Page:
That is very helpful, Mr. Holmes. No doubt you are right. Wonderful! Wonderful! Do you carry the names of all the gun makers in the world in your memory?
Holmes dismissed the subject with a wave.
No doubt it is an American shotgun, White Mason continued. I seem to have read that a sawed-off shotgun is a weapon used in some parts of America. Apart from the name upon the barrel, the idea had occurred to me. There is some evidence, then, that this man who entered the house and killed its master was an American.
MacDonald shook his head. Man, you are surely travelling overfast, said he. I have heard no evidence yet that any stranger was ever in the house at all.
The open window, the blood on the sill, the queer card, the marks of boots in the corner, the gun!
Nothing there that could not have been arranged. Mr. Douglas was an American, or had lived long in America. So had Mr. Barker. You dont need to import an American from outside in order to account for American doings.
Ames, the butler
What about him? Is he reliable?
Ten years with Sir Charles Chandosas solid as a rock. He has been with Doughlas ever since he took the Manor House five years ago. He has never seen a gun of this sort in the house.
The gun was made to conceal. Thats why the barrels were sawed. It would fit into any box. How could he swear there was no such gun in the house?
Well, anyhow, he had never seen one.
MacDonald shook his obstinate Scotch head. Im not convinced yet that there was ever anyone in the house, said he. Im asking you to conseedar (his accent became more Aberdonian as he lost himself in his argument) Im asking you to conseedar what it involves if you suppose that this gun was ever brought into the house, and that all these strange things were done by a person from outside. Oh, man, its just inconceivable! Its clean against common sense! I put it to you, Mr. Holmes, judging it by what we have heard.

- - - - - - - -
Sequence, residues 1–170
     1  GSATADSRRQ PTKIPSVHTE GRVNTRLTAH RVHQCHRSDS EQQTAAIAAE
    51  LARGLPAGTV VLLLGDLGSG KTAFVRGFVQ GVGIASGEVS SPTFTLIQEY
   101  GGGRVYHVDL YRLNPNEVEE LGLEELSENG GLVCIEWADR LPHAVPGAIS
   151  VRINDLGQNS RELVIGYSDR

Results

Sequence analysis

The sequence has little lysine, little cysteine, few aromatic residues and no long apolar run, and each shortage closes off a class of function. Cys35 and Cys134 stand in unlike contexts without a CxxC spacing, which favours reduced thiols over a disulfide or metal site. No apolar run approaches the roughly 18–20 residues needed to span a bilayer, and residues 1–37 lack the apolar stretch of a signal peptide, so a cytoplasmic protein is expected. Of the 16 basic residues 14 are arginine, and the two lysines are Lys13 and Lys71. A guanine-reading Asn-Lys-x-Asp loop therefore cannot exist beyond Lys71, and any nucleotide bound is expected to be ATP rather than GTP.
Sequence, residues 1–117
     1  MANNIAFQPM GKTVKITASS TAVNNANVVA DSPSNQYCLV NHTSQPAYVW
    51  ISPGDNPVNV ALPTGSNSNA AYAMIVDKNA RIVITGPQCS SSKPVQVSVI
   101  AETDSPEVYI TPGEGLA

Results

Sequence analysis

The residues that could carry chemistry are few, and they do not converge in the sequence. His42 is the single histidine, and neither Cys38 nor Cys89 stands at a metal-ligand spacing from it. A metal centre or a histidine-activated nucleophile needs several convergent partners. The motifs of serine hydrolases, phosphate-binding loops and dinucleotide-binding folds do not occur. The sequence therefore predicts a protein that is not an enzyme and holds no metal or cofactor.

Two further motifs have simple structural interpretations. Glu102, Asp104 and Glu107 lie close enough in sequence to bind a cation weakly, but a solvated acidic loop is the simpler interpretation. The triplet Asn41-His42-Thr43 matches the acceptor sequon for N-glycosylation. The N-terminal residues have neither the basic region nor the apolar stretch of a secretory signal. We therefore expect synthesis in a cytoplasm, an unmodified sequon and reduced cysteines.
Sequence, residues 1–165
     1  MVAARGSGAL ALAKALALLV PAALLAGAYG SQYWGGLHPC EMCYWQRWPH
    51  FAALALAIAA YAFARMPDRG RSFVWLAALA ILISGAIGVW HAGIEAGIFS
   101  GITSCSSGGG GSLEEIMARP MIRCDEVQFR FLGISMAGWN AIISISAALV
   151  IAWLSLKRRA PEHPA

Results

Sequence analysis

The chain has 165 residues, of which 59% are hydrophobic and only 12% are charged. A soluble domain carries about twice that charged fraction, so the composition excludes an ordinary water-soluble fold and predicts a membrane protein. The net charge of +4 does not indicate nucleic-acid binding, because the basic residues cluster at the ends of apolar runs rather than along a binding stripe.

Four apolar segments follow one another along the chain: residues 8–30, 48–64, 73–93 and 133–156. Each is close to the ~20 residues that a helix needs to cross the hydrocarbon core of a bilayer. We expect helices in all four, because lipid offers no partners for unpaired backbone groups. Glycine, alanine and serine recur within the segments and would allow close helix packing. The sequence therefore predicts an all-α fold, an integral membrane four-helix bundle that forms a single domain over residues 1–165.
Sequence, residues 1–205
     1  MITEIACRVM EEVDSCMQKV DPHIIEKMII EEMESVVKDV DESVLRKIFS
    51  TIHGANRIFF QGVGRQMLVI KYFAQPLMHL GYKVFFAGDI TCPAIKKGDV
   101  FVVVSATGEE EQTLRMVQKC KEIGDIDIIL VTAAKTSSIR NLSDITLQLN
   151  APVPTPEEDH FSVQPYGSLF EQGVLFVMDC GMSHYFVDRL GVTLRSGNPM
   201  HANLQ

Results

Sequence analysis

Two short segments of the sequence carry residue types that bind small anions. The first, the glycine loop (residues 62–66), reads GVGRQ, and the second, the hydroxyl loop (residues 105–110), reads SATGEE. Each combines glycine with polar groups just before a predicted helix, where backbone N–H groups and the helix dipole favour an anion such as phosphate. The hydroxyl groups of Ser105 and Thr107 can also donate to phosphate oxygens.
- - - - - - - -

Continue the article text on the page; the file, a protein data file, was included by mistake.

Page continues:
Well, state your case, Mr. Mac, said Holmes in his most judicial style.
The man is not a burglar, supposing that he ever existed. The ring business and the card point to premeditated murder for some private reason. Very good. Here is a man who slips into a house with the deliberate intention of committing murder. He knows, if he knows anything, that he will have a deeficulty in making his escape, as the house is surrounded with water. What weapon would he choose? You would say the most silent in the world. Then he could hope when the deed was done to slip quickly from the window, to wade the moat, and to get away at his leisure. Thats understandable. But is it understandable that he should go out of his way to bring with him the most noisy weapon he could select, knowing well that it will fetch every human being in the house to the spot as quick as they can run, and that it is all odds that he will be seen before he can get across the moat? Is that credible, Mr. Holmes?
Well, you put the case strongly, my friend replied thoughtfully. It certainly needs a good deal of justification. May I ask, Mr. White Mason, whether you examined the farther side of the moat at once to see if there were any signs of the man having climbed out from the water?
There were no signs, Mr. Holmes. But it is a stone ledge, and one could hardly expect them.
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